‘That was a long time ago, Lou.’

‘Yes, it was, but what’s changed, hmm? You’re still treating me like some stupid girl who doesn’t know her left from her right. Insulting me in front of an important client. Ignoring my wishes. Well, I’ve got news for you: I’m not a girl, I’m a fully grown woman and I’ve built up a successful business from nothing, just the way William Valentine did. You should try it some time, then you might have a little more respect.’

She swallowed. Wished she hadn’t said that. Bella Lucia was Max’s life. He worked harder than anyone to make it a success. If it had gone down in the recent financial crisis, no one would have been hit harder, or deserved it less.

It was always the same. The minute she was with him, she lost her head, stopped behaving like a rational woman.

She leaned forward, rapped sharply on the driver’s window. ‘Pull over, please.’

The cabbie pulled into the kerb, but Max didn’t move. ‘This won’t go away, Lou.’

Probably not, but she was tired, she had another long day ahead of her tomorrow, and while a row with Max was always exhilarating she discovered that she wasn’t enjoying this one.

‘You want me to get down on my knees and beg, is that it?’ he pressed.

That was almost too tempting, but Max, on his knees, would not be a supplicant. He would simply be demonstrating-at least in his own eyes-that he was bigger than she was. That he could forgive and forget. That in clinging to her grudge, she hadn’t been able to move on. As he knelt at her feet his eyes would still be telling her that he was the winner.

‘All I want,’ she said, carefully, slowly, ‘is for you to listen to what I’m saying. I’m saying goodnight, Max.’

For a moment she thought he was going to protest, force the issue, but then without another word he opened the door and stepped out of the cab, handing the driver a note to cover her fare home-still trying to keep control-and, shrugging his collar up against the rain, he began to walk back to his car.

Louise, left in the cab, was shaking, hating Max for putting her through that, hating herself for caring.

‘Is that it?’ The driver, having clearly heard everything, turned around. ‘Do you want me to drive on? You’re not going to change your mind and want me to go after him? Once I turn the corner I’ll be locked in the one-way system and there’ll be no way back.’

Max could do nothing but walk away. Acknowledge that, having behaved like a moron, he’d got no more than he deserved. What made it worse was that he wasn’t like that; at least not with anyone else. He made an exception for Louise.

She never failed to bring out the worst in him.

He only had to look at her and he reverted from civilised man into some kind of Neanderthal.

Maybe she was right, he thought, hunching his shoulders against the icy rain that matched his mood. Nothing had changed. They hadn’t been able to work together all those years ago and time had done nothing to mellow either of them.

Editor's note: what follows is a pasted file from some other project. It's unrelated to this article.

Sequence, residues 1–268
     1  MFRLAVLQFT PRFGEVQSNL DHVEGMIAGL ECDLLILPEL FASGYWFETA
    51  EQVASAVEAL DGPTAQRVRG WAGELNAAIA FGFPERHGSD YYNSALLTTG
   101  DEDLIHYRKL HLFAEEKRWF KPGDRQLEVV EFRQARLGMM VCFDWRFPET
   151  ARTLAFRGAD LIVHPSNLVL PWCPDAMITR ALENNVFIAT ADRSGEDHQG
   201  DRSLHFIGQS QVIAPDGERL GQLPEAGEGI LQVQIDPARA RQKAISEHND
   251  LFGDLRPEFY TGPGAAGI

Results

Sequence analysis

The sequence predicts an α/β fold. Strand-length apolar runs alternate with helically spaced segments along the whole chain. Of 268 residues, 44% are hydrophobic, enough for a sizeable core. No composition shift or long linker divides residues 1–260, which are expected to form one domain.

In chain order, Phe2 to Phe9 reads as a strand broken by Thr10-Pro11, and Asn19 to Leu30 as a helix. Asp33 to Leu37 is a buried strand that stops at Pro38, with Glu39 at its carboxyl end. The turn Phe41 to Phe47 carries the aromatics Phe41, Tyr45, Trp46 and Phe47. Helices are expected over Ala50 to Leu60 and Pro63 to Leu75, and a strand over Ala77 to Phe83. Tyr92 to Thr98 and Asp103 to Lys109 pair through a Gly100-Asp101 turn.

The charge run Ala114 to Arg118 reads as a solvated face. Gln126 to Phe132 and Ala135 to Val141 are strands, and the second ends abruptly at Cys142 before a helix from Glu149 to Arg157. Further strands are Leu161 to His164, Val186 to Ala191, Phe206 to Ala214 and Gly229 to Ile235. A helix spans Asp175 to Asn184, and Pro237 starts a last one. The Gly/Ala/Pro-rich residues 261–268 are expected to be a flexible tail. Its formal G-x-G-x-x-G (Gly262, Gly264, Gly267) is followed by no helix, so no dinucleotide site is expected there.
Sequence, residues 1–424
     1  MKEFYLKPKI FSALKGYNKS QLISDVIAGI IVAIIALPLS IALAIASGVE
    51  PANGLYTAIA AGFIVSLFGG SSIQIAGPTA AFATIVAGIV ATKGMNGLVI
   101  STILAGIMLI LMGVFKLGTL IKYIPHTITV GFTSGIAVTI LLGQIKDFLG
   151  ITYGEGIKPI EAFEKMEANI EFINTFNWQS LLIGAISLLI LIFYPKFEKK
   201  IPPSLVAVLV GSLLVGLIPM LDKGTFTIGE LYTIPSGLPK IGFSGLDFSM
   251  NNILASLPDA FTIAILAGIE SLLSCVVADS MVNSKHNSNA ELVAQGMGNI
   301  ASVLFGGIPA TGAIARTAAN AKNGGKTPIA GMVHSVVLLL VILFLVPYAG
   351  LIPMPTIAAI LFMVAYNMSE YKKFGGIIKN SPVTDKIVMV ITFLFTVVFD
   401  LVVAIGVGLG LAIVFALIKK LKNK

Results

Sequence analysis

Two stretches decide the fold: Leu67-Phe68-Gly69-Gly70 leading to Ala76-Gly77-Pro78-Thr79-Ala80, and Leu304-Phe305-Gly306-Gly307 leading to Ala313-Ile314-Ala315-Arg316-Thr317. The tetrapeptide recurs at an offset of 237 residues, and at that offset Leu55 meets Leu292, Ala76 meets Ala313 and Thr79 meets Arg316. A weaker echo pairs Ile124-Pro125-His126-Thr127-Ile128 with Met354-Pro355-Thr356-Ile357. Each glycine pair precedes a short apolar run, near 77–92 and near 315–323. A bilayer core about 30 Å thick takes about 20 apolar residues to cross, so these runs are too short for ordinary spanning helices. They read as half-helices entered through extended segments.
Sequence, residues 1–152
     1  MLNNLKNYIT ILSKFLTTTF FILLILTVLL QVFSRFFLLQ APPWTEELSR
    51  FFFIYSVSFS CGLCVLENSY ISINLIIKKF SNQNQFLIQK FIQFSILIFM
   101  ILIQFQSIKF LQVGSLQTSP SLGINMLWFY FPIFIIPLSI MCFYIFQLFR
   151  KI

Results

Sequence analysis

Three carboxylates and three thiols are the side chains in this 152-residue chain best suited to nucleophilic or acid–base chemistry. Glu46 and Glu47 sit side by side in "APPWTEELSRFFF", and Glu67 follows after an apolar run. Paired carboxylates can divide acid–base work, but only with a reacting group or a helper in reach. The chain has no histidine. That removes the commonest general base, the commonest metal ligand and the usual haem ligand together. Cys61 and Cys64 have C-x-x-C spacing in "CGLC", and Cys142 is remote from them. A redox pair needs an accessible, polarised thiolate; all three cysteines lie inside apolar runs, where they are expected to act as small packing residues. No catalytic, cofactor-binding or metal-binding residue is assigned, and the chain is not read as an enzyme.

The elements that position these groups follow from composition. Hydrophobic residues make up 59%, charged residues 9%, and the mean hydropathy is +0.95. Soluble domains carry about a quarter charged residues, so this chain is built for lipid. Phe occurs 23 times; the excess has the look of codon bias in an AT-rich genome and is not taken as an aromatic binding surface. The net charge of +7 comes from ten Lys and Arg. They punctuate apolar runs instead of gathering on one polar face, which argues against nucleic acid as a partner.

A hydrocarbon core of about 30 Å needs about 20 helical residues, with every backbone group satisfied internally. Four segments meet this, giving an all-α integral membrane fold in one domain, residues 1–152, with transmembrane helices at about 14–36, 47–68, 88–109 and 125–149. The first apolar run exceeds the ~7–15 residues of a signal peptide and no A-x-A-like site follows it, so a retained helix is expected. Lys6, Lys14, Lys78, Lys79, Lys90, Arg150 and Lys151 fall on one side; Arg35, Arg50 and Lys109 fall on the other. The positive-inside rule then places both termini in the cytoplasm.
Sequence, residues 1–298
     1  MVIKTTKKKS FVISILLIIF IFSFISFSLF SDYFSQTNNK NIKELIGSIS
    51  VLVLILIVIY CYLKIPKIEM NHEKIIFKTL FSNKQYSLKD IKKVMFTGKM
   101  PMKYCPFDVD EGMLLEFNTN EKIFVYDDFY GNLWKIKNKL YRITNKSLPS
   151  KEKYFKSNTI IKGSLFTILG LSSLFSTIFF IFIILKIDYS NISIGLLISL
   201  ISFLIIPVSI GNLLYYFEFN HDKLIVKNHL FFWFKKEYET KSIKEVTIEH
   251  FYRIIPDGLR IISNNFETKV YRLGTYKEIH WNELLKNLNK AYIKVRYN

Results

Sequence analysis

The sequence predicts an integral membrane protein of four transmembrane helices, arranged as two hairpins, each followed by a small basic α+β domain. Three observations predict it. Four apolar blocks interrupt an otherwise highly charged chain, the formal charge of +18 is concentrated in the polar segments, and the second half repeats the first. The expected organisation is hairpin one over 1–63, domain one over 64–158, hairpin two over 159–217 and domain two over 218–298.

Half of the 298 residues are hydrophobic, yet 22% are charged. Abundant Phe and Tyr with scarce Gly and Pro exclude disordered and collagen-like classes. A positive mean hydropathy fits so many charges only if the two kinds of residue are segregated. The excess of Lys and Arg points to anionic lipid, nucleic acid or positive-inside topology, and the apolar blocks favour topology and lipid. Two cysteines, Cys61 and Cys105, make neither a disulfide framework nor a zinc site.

He’d made the offer but she wasn’t interested.

He stopped, blew out a long breath that smoked in the cold air. If someone had made him an offer like that, he wouldn’t have been impressed either.

He’d wasted a perfectly good opportunity. He’d planned to ask her to join him for a drink, a meal maybe, and when he’d turned up just after six he’d thought he’d timed it just right. It had begun to unravel from the minute he’d arrived when her assistant, who had already had her coat on, had told him that Lou was in a meeting that was likely to go on for a while, but he could wait if he wanted to.

Sitting around in the outer office waiting for her attention wasn’t what he’d had in mind and he should have left then, but, having wound himself up to see her, he’d chosen to wait in his car.

How long could she be?

Too long.

He’d had time to dwell on the memory of the Christmas party. Another failure. He’d known how bruised she must be feeling. Discovering that you were adopted at her age must be like having the solid ground beneath your feet turn to quicksand.

He’d planned to talk to her, let her know that he was there for her, but then she’d turned up in that outrageous outfit with some underage muscle-bound jerk on her arm.

On one level he’d known that it was just her way of showing the older generation, her parents, his father, just how angry she was with all of them for lying to her and he didn’t blame her for that.

On a more primitive level…

He shook his head. He should have made more of an effort, he knew. Called her, found time for her, given her a chance to sound off and get it out of her system. He’d been busy, they’d both been busy, but how long did a phone call take?

Not that she’d needed him; the Australian might have been on the young side, but he’d had shoulders wide enough for half a dozen women to weep onto at once.